New Grateful Dead box set showcases renowned B.C. First Nation artist


WATCH: You may not be able to catch them in concert anymore but thanks to their extensive audio archives many of the Grateful Dead’s best shows can still be heard as clearly as if you were there in person. Luisa Alvarez sat down with the band’s longtime archivist from Victoria who tells us about the band’s newest offering and another B.C. connection.

The Grateful Dead played more than 20,000 shows from 1965 to 1995 and in that time, their sounds crews recorded a big bulk of the recorded sets.

“The ‘Dead were one of the first bands if not the first band to have a virtually complete archive,” said the Grateful Dead’s long-time audiovisual archivist and Victoria resident David Lemieux.

Lemieux said the purpose of the recordings was not for the band to commercially release them years later, but instead see was how they improved.

“They recorded their shows specifically so they could go back and listen to these shows and grow and that’s how they did it.”

Luckily for fans, because of those archives, many of the band’s shows can now be relived as if you were there.

Lemieux has played the main part in bringing back that magic.

“That’s what my job is, to focus on finding the very best shows and releasing those and when the ‘Dead were on, whether it was the five-man version of the band  or it was the seven-person, whatever version of the band, it was when that group of people on stage were clicking they were untouchable. You can hear the magic you can really feel it,” said Lemieux.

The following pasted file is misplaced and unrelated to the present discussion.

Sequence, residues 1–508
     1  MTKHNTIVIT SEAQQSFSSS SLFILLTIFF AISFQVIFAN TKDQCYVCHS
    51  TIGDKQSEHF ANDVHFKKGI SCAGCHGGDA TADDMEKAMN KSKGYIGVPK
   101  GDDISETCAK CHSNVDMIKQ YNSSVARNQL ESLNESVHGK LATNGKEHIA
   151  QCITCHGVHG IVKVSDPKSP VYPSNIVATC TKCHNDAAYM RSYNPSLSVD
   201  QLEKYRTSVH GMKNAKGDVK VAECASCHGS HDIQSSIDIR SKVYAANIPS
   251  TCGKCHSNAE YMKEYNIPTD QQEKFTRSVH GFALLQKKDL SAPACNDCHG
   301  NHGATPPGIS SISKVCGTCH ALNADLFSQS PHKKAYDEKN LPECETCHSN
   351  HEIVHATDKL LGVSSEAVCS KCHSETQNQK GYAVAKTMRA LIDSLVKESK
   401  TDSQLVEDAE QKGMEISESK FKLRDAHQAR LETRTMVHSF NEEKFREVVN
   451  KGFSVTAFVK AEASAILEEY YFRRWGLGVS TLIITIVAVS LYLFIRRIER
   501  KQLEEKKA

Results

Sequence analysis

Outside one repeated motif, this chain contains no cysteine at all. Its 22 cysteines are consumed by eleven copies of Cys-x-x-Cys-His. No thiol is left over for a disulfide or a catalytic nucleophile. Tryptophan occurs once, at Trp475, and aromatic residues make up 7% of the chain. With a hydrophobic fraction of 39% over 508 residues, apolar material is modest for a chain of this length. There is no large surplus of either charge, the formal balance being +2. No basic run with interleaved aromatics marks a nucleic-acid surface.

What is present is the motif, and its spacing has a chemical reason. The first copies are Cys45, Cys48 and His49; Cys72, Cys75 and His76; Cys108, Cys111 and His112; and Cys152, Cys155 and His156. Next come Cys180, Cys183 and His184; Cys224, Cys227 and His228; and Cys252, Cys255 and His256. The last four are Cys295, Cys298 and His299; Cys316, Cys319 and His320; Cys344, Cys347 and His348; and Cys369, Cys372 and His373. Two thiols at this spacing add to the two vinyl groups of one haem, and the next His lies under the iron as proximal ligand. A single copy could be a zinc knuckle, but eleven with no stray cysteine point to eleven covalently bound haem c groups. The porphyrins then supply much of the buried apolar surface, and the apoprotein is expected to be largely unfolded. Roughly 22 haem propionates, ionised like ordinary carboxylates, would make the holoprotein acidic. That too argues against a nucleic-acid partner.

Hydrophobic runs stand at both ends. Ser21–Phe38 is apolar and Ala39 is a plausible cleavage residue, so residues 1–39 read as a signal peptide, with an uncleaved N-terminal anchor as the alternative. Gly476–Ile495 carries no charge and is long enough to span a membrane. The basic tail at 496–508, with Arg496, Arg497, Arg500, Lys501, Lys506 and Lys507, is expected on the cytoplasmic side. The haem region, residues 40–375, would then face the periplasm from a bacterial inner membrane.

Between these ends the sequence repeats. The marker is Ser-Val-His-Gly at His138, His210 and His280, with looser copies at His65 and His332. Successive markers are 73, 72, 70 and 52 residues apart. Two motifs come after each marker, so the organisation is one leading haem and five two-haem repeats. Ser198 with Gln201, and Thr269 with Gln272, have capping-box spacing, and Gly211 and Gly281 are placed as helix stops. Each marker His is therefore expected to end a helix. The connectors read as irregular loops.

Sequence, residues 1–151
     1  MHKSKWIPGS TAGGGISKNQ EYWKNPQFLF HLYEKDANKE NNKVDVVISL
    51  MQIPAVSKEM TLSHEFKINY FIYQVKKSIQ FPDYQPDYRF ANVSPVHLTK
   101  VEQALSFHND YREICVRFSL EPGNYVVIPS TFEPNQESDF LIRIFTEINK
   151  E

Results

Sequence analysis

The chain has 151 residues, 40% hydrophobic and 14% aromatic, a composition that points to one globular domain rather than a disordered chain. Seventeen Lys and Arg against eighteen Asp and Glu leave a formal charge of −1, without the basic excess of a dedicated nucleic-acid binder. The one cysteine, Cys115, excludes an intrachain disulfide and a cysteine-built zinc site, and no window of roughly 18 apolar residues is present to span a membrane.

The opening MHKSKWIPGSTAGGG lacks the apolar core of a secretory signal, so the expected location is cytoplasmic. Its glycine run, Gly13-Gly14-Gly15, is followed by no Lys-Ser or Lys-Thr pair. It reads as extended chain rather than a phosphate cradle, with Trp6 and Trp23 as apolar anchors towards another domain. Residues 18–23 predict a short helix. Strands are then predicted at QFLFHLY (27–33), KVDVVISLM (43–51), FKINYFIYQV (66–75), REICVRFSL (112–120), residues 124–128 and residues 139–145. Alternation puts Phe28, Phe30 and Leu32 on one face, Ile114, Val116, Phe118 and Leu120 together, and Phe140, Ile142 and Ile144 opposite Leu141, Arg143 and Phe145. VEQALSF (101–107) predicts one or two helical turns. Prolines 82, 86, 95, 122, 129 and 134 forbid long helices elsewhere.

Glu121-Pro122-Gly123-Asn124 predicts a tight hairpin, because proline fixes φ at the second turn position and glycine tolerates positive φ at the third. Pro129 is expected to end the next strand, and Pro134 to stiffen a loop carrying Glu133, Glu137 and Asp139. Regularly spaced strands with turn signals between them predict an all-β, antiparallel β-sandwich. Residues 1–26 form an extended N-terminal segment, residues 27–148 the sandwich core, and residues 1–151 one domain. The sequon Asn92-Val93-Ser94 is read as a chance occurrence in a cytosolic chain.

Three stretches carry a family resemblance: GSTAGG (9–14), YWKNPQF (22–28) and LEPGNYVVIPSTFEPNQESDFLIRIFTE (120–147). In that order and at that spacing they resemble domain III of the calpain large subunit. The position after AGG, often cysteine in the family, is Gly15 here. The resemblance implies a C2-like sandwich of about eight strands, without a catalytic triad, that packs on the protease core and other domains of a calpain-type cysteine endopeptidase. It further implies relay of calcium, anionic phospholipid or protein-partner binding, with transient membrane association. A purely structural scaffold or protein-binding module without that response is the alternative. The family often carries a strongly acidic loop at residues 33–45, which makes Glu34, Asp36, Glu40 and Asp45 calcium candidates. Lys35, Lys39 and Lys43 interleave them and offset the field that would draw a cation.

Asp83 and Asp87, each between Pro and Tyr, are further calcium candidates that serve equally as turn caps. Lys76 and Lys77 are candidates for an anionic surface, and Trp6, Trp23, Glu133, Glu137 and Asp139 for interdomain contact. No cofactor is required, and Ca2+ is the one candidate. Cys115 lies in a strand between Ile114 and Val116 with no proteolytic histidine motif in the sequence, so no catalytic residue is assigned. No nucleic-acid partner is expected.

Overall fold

He’s a huge fan of the band himself having copies of everything he’s ever produced and copies of everything that was produced and released before he began working for them almost twenty years ago.

“I’m a pretty big Deadhead,” said Lemieux.

Lemieux has had a hand in releasing hundreds of box sets. Their most recent box set about to be released “Pacific Northwest 1973 and 1974” chronicles concerts in Vancouver, Portland, and Seattle.

“Last year we did a 1989 box set and 1977, so we’ve done the late 80s and the late 70s. Maybe it was time for something from the early mid-seventies,” said Lemieux.

The artwork on the bentwood box is done by renowned B.C. First Nation artist Roy Henry Vickers. Lemieux said he’s had the idea to release the Pacific Northwest concert collection for years and always had Vickers in mind.

“Authenticity was extremely important in this box set and by having Roy do it, we thought we were really doing honour to the region to the people and the history.”

Luisa AlvarezLuisa Alvarez

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